In the main course, we were offered Pad Thai, Khao Pad (Mix Meat Fried Rice), and Jasmine Khaw Pela (Steamed Jasmine Rice). Sides included Gai Pad Bai Gaprow (Mince Chicken with Chilly Basil), Curried Crab (Singaporean Style Curried Crab), Lamb Massaman Curry, and Thai Green Curry. The Pad Thai and the Khao Pad were decent, but everything else were really fab. The Massaman Curry, which is an unique blend of Arabic and Indian spices and Thai ingredients, is one of my favourites, and I went gaga over this dish. But, then I might be a bit biased, as it is among the few dishes outside of Bengali cuisine, which uses chunks of potato in the gravy. The Thai Green Curry was perfectly balanced – creamy, spicy, sweet and tangy.

We finished off our meal in style, with a wonderful dessert platter containing, Dates Cigar, Coconut Jaggery Ice cream, and Crushed Ice Coconut Milk with Water Chestnuts.

Mekong - Marigold By GreenPark Menu, Reviews, Photos, Location and Info - Zomato

My first visit to Mekong during the Hyderabad Foodies Club meet-up was intriguing, but not outstanding. However, the recent visit hit all the right notes. A meal for two at Mekong would cost around Rs. 2,500, which is quite decent for a star property, and the food lives up to the hype. If you are in the mood for top-notch Pan Asian, you shouldn’t really look beyond Mekong and Republic of Noodles.


Asian, Five Star, Restaurant, Review

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  1. Great review of what am sure is a great restaurant…but this should ideally count as a review for a specific event, not of the restaurant in general. As invitees of the restaurant, you would have been the recipient of the chefs’ and servers’ best efforts, unavoidably exceptional from the daily norm. In that sense, its a review of what’s the best this restaurant can throw…not what the restaurant’s average performance is – which is what normal readers of the review can expect when they go. What would be more helpful for that target audience (the non-foodie random customer) would be a review based on a quiet visit, as a regular customer on a regular day.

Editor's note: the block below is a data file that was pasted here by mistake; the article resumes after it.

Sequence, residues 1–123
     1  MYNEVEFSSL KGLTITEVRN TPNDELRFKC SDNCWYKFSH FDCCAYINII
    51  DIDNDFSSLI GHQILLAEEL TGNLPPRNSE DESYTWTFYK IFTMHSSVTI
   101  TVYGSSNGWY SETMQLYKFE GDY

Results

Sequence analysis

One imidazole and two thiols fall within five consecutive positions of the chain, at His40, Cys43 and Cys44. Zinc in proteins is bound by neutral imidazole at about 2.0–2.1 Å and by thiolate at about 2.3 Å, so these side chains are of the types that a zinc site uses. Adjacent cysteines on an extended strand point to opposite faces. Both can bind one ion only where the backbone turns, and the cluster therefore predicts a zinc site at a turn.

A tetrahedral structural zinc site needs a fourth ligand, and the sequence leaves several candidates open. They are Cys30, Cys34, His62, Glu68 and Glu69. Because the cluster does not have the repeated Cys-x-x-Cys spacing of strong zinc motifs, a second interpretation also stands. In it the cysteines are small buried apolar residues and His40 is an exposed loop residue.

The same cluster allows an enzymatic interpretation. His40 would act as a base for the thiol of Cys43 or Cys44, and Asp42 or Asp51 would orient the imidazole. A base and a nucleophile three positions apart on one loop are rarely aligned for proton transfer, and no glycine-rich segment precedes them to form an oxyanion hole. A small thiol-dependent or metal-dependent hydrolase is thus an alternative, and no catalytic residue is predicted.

Of course this is extremely well written as always…

    1. That is a fair point. Reviews based on events and meetups run the risk of not being completely accurate. But, since I’m not a full time critique/blogger, it’s difficult for me to determine the average performance of every restaurant through multiple visits. So, what I attempt to do is somewhat akin to what a pollster does. I try to gauge how the restaurant will perform based on the various signs I am seeing. Some of the things like how well trained and skilled the waiters are and how consistently good the food is can be gauged with a reasonable amount of confidence even from the tasting session. Perhaps the added pressure of blogger’s table kind of balances things out, because I have witnessed a surprising number of restaurants falter during meetups and events.

      I do tend to go back to the restaurants I really like during my tasting sessions, and almost everyone of them have lived up to the expectations during later visits. The stars like UKI, and Jonathan’s Kitchen performed across multiple visits. Habanero is the only one for which I reduced the rating awarded based a tasting session during on a subsequent visit.